a woman whose intellect was to mine like a star to a benzoline lamp:
who saw all MY superstitions as cobwebs that she could brush away
with a word. Then bitter affliction came to us, and her intellect
broke, and she veered round to darkness. Strange difference of sex,
that time and circumstance, which enlarge the views of most men,
narrow the views of women almost invariably. And now the ultimate
horror has come--her giving herself like this to what she loathes, in
her enslavement to forms! She, so sensitive, so shrinking, that the
very wind seemed to blow on her with a touch of deference... As for
Sue and me when we were at our own best, long ago--when our minds
were clear, and our love of truth fearless--the time was not ripe
for us! Our ideas were fifty years too soon to be any good to us.
And so the resistance they met with brought reaction in her, and
recklessness and ruin on me! ... There--this, Mrs. Edlin, is how
I go on to myself continually, as I lie here. I must be boring you
awfully."

"Not at all, my dear boy. I could hearken to 'ee all day."

As Jude reflected more and more on her news, and grew more restless,
he began in his mental agony to use terribly profane language about
social conventions, which started a fit of coughing. Presently there
came a knock at the door downstairs. As nobody answered it Mrs.
Edlin herself went down.

The visitor said blandly: "The doctor." The lanky form was that of
Physician Vilbert, who had been called in by Arabella.

"How is my patient at present?" asked the physician.

"Oh bad--very bad! Poor chap, he got excited, and do blaspeam
terribly, since I let out some gossip by accident--the more to my
blame. But there--you must excuse a man in suffering for what he
says, and I hope God will forgive him."

"Ah. I'll go up and see him. Mrs. Fawley at home?"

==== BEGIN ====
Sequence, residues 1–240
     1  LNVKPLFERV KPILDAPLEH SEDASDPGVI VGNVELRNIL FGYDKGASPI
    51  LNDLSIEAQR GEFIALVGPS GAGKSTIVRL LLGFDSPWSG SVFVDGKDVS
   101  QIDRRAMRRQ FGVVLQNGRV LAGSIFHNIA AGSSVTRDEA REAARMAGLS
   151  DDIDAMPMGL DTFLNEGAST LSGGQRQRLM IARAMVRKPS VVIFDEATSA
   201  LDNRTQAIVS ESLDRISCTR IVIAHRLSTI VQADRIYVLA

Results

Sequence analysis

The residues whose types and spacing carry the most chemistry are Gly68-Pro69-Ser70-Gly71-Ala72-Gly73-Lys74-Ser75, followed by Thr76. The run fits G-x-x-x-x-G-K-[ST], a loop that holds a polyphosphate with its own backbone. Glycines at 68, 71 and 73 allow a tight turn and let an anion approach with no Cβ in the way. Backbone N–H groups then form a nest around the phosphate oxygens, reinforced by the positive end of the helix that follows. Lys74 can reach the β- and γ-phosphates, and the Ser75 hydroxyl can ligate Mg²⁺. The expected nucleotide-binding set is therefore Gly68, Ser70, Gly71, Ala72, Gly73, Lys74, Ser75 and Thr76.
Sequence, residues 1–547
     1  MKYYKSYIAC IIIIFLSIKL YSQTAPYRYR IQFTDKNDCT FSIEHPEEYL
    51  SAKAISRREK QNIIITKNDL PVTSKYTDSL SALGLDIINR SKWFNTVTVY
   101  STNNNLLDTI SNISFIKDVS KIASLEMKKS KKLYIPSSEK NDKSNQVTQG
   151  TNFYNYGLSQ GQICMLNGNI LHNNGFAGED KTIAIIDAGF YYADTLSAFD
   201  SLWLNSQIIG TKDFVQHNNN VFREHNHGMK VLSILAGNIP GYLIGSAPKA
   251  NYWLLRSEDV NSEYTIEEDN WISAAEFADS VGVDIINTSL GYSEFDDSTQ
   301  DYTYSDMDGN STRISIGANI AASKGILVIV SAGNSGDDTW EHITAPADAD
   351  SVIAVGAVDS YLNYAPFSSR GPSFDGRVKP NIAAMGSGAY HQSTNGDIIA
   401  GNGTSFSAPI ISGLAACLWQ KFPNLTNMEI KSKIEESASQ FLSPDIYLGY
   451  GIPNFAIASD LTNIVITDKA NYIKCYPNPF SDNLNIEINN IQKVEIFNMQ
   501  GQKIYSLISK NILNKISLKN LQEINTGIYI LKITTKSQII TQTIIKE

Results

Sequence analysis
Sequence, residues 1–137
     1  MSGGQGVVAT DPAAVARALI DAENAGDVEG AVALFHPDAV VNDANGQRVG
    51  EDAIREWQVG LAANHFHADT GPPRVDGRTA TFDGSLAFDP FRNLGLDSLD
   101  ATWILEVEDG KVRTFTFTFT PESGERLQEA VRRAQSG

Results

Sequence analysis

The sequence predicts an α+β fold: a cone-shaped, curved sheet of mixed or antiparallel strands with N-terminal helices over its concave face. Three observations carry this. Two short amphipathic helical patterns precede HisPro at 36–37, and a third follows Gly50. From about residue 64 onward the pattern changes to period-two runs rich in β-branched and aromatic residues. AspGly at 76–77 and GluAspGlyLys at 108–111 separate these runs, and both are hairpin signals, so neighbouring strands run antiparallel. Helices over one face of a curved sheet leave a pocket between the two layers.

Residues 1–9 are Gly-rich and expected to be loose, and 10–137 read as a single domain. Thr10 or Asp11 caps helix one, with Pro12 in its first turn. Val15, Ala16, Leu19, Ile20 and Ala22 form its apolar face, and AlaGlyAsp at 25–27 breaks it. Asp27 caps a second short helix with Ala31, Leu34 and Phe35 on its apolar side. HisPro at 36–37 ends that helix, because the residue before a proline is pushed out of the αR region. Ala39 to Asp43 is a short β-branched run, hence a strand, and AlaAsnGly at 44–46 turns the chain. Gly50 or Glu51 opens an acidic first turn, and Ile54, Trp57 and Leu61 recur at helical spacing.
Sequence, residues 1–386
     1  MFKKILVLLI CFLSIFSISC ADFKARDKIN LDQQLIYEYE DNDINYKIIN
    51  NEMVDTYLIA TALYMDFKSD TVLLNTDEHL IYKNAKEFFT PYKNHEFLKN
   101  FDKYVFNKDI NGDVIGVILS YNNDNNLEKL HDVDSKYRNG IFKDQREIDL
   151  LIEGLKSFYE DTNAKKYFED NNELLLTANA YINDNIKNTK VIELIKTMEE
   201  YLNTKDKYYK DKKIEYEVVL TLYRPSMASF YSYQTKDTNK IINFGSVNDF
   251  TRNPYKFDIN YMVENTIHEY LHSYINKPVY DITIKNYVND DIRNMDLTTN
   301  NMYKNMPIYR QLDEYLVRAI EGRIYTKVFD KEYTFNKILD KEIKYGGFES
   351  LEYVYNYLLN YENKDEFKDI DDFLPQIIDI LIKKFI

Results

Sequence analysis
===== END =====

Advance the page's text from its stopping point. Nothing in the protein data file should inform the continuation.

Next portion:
"She's not in at present, but she'll be here soon."

Vilbert went; but though Jude had hitherto taken the medicines of
that skilful practitioner with the greatest indifference whenever
poured down his throat by Arabella, he was now so brought to bay by
events that he vented his opinion of Vilbert in the physician's face,
and so forcibly, and with such striking epithets, that Vilbert soon
scurried downstairs again. At the door he met Arabella, Mrs. Edlin
having left. Arabella inquired how he thought her husband was
now, and seeing that the doctor looked ruffled, asked him to take
something. He assented.

"I'll bring it to you here in the passage," she said. "There's
nobody but me about the house to-day."

She brought him a bottle and a glass, and he drank.

Arabella began shaking with suppressed laughter. "What is this, my
dear?" he asked, smacking his lips.

"Oh--a drop of wine--and something in it." Laughing again she said:
"I poured your own love-philtre into it, that you sold me at the
agricultural show, don't you re-member?"

"I do, I do! Clever woman! But you must be prepared for the
consequences." Putting his arm round her shoulders he kissed her
there and then.

"Don't don't," she whispered, laughing good-humouredly. "My man will
hear."

She let him out of the house, and as she went back she said to
herself: "Well! Weak women must provide for a rainy day. And if my
poor fellow upstairs do go off--as I suppose he will soon--it's well
to keep chances open. And I can't pick and choose now as I could
when I was younger. And one must take the old if one can't get the
young."

Thomas Hardy